The Culling

Posted: February 1, 2013 in Musings, Scribe Scribbles
Tags: , , ,


And so it begins. While I still have a queue of books to get through that are Christian from Marcher Lord Press (The Restorer’s Son, Freeheads, Throne of Bones) after that, I am officially out of a reading pile for The Christian Manifesto. It’s a weird feeling, having nothing to review and at the same time, very liberating too. I talked with my editors, and they’ve decided to give me enough freedom to hang myself. I mean rope to play with. Something.

We  (The Christian Manifesto) want to do more secular market interviews and reviews. Unfortunately, we don’t have contacts for a lot of the secular publishing houses and that just stinks. Mainly because I’m bored and am tired of reading the tripe that is often handed out from the Christian* publishing companies. Now, there are a lot of hard-working people in those companies, but they’re still mass producing fiction tripe. And there’s only so much I can read before I start vomiting up plot points and sweating platitudes.  So it’s time to go to  the secular companies that also produce tripe, but at least a different flavor of it.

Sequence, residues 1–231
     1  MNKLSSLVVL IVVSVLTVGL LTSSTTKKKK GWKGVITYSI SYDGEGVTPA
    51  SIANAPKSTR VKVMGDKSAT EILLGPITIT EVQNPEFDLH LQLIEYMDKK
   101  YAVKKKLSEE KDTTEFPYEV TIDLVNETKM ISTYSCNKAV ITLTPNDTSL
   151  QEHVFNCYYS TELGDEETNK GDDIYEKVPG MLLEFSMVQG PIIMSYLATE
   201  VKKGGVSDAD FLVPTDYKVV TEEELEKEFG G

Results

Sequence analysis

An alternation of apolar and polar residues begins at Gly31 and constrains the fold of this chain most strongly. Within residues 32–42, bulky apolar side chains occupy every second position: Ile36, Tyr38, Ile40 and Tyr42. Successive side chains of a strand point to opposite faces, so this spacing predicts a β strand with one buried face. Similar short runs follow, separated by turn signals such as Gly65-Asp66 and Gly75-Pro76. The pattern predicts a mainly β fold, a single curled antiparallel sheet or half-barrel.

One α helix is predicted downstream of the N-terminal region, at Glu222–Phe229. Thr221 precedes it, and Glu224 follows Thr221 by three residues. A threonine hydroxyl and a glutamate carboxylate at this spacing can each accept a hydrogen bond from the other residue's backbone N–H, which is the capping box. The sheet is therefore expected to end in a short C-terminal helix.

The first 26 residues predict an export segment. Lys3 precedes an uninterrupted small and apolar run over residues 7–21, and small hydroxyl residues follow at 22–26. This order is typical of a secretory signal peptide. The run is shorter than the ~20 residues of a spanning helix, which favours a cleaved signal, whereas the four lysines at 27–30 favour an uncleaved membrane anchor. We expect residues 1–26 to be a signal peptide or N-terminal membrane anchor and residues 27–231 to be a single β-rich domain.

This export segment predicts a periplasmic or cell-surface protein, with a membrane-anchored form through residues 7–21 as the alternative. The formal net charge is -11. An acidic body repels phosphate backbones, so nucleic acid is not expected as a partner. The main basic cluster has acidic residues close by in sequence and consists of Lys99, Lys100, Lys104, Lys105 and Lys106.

If you are a friend of mine on GoodReads, you have helped me pick out these books to try. If you aren’t a friend of mine on GoodReads, why not?! I’m constantly crowd sourcing for my next book to try. Find me and friend me.  You can do that by checking out the new widget over there on the side bar, and this ALSO lets you keep track with that I’m currently reading.

In fact, if you check back after I get ten or so answers from the  question I’m about to pose, you’ll SEE the results over there, in the book that I add to my shelf. Ready for that question? Of course you are!

Of the six books in the picture above (I’ll be nice and type them out too along with a link to their spot on Good Reads) which should I try after I finish my current queue? Or possibly interject into my queue?   Which of these titles peaks your  curiosity?

Tuesdays At the Castle by Jessica Day George
A Tale Dark and Grim by Adam Gidwitz
The Clockwork Three by Matthew J.Kirby
Jellicoe Road by Melina Marchetta
The Kneebone Boy by Ellen Potter
A Drowned Maiden’s Hair by Laura Amy Schlitz

Let me know what YOU would like me to read from the above list in the comments below. Or, if you have other suggestions for me, I’d love to hear them.